Based on a review of all-solid state storage systems, it may be time for IT professionals to re-think their strategy regarding the lifespan of storage systems.
The storage system lifespan is a critical part of a storage strategy for scheduling replacements, planning acquisition costs, and in calculating Total Cost of Ownership (TCO). The lifespan is used in the amortization schedule or depreciation for the purchased asset.
Two major technology factors are important to consider when changing the strategy for a storage system lifespan. The first is the use of scale-out storage systems and the ability to replace individual nodes transparently for a technology upgrade. I will deal with this case in a future article. The second factor for consideration is the use of solid state storage.
The lifespan of storage systems does not mean when the system is no longer usable or will have its “use by date” come to an end. It is really about planned replacement with several elements playing into the replacement motivation:
- Wear out. The system may have characteristics such as mechanical wear that causes the failure rate to increase, which leads to more costly service and potential impacts.
- Maintenance costs. There is a warranty period for storage systems and the maintenance costs begin to increase after that period. The costs become more prohibitive due to the increase likelihood of service required.
- Migration of data. Many storage systems do not have transparent or seamless migration of data to a new system. Scheduled replacement does not alleviate the problem but does make it a planned activity.
Solid state storage in the form of NAND flash today has different wear out mechanisms than spinning disks. Most storage vendors have been making tremendous strides in the improvement of managing the wear out issues in NAND flash. They have accomplished this by changing the methods in the way page erase is done and using shadow RAM to minimize the number of erases. These improvements have continued to increase the lifespan for those vendors that have made the technology investment.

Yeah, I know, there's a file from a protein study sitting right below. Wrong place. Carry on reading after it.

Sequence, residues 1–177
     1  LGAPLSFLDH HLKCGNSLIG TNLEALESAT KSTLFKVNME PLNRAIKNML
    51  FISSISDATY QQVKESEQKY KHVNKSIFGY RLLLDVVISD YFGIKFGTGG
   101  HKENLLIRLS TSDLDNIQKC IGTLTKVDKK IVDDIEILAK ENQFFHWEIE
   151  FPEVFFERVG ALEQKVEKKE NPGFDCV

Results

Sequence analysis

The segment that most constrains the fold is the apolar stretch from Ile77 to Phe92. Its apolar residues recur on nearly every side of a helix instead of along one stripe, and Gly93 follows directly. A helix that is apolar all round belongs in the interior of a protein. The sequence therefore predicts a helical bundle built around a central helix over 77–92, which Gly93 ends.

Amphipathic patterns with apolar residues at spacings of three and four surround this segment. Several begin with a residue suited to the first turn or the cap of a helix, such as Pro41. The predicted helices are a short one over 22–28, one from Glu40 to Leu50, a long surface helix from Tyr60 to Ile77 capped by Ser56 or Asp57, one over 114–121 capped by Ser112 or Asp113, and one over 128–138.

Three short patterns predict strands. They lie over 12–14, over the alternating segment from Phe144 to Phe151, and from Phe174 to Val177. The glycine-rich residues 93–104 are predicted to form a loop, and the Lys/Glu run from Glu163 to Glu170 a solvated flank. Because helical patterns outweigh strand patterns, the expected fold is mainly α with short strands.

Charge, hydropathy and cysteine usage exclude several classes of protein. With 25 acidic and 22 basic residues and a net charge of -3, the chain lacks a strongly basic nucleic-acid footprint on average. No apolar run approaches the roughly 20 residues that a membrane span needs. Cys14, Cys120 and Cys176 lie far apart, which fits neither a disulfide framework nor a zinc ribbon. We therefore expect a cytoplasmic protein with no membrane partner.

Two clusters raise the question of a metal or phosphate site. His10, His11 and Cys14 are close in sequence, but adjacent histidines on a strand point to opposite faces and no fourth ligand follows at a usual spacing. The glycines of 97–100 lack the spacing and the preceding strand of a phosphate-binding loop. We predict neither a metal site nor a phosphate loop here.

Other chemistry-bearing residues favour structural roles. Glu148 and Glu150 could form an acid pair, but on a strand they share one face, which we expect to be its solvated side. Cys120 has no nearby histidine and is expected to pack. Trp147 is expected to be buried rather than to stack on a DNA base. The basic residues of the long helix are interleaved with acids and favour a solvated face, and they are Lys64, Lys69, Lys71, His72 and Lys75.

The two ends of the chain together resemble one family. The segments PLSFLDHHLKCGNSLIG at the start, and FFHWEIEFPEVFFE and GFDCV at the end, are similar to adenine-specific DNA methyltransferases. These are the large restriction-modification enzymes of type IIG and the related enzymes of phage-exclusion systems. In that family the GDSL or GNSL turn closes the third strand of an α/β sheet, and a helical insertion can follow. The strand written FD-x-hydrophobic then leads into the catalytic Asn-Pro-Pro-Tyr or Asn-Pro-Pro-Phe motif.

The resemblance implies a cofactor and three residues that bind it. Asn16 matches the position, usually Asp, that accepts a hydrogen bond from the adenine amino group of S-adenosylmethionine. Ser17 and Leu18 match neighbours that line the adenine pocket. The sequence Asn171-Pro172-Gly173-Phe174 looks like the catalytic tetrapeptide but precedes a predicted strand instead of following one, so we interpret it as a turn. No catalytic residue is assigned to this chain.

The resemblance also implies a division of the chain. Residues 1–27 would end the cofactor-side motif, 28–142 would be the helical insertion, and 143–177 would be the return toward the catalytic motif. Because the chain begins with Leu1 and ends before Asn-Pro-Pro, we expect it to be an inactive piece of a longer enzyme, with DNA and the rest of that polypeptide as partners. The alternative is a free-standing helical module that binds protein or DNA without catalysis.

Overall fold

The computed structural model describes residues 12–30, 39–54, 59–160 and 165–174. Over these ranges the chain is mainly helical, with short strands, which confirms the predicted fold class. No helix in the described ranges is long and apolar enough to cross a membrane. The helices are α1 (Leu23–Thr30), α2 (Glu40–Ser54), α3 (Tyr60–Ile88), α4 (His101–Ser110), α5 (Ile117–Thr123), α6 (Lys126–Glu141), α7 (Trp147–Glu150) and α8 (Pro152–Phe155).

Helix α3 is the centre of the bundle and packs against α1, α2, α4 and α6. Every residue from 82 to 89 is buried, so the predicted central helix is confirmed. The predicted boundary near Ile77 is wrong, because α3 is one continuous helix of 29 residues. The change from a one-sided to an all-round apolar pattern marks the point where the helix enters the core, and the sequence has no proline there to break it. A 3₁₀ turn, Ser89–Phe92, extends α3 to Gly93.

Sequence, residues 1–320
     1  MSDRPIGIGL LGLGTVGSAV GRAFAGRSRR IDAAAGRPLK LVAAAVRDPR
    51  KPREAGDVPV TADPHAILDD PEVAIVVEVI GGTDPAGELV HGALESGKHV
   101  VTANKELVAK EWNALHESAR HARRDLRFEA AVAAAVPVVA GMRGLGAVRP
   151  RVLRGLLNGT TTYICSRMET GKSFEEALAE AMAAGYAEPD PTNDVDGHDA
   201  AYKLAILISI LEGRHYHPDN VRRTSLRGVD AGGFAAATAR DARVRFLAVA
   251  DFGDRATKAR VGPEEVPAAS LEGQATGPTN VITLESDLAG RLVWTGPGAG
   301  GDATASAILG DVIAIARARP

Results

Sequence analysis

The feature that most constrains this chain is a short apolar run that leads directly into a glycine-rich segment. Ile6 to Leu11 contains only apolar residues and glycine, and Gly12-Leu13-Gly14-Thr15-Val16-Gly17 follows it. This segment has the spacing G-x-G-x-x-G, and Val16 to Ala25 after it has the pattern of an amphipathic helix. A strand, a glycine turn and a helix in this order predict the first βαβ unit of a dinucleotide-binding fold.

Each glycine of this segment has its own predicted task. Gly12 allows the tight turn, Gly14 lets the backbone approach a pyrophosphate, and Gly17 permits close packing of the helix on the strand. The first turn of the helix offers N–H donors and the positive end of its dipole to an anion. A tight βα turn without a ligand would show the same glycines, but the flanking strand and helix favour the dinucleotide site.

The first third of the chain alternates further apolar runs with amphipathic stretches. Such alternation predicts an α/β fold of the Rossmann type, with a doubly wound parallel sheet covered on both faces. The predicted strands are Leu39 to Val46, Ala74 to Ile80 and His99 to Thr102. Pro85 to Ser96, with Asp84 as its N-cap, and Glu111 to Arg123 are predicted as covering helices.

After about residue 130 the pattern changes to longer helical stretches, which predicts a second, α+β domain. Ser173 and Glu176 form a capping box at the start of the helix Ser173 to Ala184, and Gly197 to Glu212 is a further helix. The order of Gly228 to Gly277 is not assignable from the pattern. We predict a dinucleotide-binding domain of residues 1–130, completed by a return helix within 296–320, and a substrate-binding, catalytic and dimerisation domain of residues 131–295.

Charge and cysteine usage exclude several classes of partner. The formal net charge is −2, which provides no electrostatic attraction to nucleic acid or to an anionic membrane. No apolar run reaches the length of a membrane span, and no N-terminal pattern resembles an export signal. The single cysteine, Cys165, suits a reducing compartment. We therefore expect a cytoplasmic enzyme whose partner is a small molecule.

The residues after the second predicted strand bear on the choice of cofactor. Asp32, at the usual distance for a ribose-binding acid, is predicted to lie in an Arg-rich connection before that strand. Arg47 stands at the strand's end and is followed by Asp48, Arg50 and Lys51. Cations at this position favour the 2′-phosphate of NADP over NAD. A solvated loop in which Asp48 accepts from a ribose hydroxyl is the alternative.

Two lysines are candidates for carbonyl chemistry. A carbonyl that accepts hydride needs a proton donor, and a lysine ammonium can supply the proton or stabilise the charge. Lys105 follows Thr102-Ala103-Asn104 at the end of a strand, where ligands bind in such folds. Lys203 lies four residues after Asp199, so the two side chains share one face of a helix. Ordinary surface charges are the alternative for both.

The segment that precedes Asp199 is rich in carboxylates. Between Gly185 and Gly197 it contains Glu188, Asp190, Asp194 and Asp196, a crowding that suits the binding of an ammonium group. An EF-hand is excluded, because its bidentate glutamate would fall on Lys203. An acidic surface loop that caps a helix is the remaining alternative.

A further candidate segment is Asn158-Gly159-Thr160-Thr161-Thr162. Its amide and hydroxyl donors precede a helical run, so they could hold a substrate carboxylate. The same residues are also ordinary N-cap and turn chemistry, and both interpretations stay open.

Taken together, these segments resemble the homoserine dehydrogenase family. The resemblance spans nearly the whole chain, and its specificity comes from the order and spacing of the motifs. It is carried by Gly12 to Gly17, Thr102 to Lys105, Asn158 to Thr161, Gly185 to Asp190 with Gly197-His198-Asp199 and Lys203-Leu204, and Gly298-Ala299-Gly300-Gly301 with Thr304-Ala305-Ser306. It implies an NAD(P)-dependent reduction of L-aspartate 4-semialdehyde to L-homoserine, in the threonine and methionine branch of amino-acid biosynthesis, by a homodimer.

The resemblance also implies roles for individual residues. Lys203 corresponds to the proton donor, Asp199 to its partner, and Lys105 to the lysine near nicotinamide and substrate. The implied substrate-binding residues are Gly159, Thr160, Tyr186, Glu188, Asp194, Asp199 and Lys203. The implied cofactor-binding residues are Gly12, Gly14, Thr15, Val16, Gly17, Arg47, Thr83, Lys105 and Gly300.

Vendors of solid state systems are now quoting longer lifespans for their systems. There are two notable examples:
Pure Storage has changed its upgrade and maintenance model with an approach called Pure Storage Forever Flash. The approach includes a five-year maintenance plan with a free controller upgrade every three years when renewing the maintenance. With every upgrade, the maintenance terms for the storage system can be reset to the current pricing, which is expected to be lower.
Nimbus Data offers up to a 10-year end-to-end warranty for its system.
The warranty period and the upgrade plans will be competitive issues with vendors. Customers will see the economic benefit from the better offerings in TCO calculations and other vendors will have to react. The change can lead to longer term economics for customers with use of solid state storage systems. The change is also an indicator of the evolving technology with solid state NAND Flash. Flash is getting less expensive and use of data reduction is adding to the cost reduction. It is also a reflection of the current methods of purchasing solid state, which is generally for a specific purpose or application workload usage today which leads to a sizing to match those needs. As price changes and application capacity needs increase, another system is purchased, increasing the amount of solid state storage.
For vendors, the longer warranties can be costly if the systems do not live up to the vendor promises. Service Cost Estimates for storage systems are calculated on intrinsic failure rates or demonstrated failure rates where there is field data. The warranty period requires a financial reserve from the price of sales to cover the costs. The decision to extend the warranty is not made lightly by vendors but competitive pressures do factor into the decision.
It should be expected that more all solid state storage system vendors will extend the warranty for the system in some manner. The bigger issue for the customer is the change in the strategy for acquiring storage — and planning for replacement.
(Randy Kerns is Senior Strategist at Evaluator Group, an IT analyst firm).